Pettiford, Oscar (Okmulgee, OK, 30 Sept 1922 - Copenhagen, 8 Sept 1960)


Double bass player, cellist, and bandleader


Of mixed black and American Indian extraction, he was born into a large, musical family and learned many instruments in the family's touring band, which was based in Minneapolis. In 1943 he was engaged as a double bass player for Charlie Barnet's band, with which he traveled to New York in the same year. After working with a quintet led by Roy Eldridge (1943) he found a place in the emerging bop scene, and, with Dizzy Gillespie, led a group at the Onyx Club (winter 1943-4). Personal differences caused this pioneering group to disband, but one year later he and Gillespie recorded together. From 1944 Pettiford played in numerous small bop ensembles and in various big bands, notably those of Duke Ellington (1945-8) and Woody Herman (1949). In the mid-1950s he led his own big band which, though highly regarded for its inventive arrangements and instrumentation, suffered from instability of personnel, owing in part to Pettiford's difficult temperament. He emigrated to Europe in 1958, and in his final years was based in Copenhagen.


Pettiford was the first jazz bass player to adapt and elaborate the innovations of Jimmy Blanton within a bop context, and his ideas and discoveries had a lasting influence on the bop style as a whole. His earliest recorded solos, such as The man I love (1943), were learned by rote by many aspiring bop bass players, though few could approach his penetrating tone and clear projection of ideas. Later, from about 1950, he transferred his solo style to amplified cello, which he played in a bouncy, dexterous style, reminiscent of Charlie Christian. Together with Ray Brown and Charles Mingus, who owed much to his influence, Pettiford was influential in establishing the double bass as a jazz solo instrument equal in importance to the winds.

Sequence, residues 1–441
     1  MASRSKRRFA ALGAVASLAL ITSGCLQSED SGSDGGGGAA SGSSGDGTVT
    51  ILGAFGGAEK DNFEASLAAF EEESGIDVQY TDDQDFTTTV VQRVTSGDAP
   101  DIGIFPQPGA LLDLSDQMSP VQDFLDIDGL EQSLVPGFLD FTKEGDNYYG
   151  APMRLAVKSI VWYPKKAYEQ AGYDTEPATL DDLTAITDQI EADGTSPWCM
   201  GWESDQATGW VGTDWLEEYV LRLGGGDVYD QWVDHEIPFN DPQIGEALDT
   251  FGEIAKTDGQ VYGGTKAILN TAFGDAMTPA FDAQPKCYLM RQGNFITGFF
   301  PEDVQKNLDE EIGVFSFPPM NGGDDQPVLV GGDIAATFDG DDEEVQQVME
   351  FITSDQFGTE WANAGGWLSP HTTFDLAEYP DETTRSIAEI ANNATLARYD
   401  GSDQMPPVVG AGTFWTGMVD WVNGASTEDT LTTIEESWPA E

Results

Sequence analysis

J. Bradford Robinson


The New Grove Dictionary of Jazz, Macmillan Reference Ltd 1988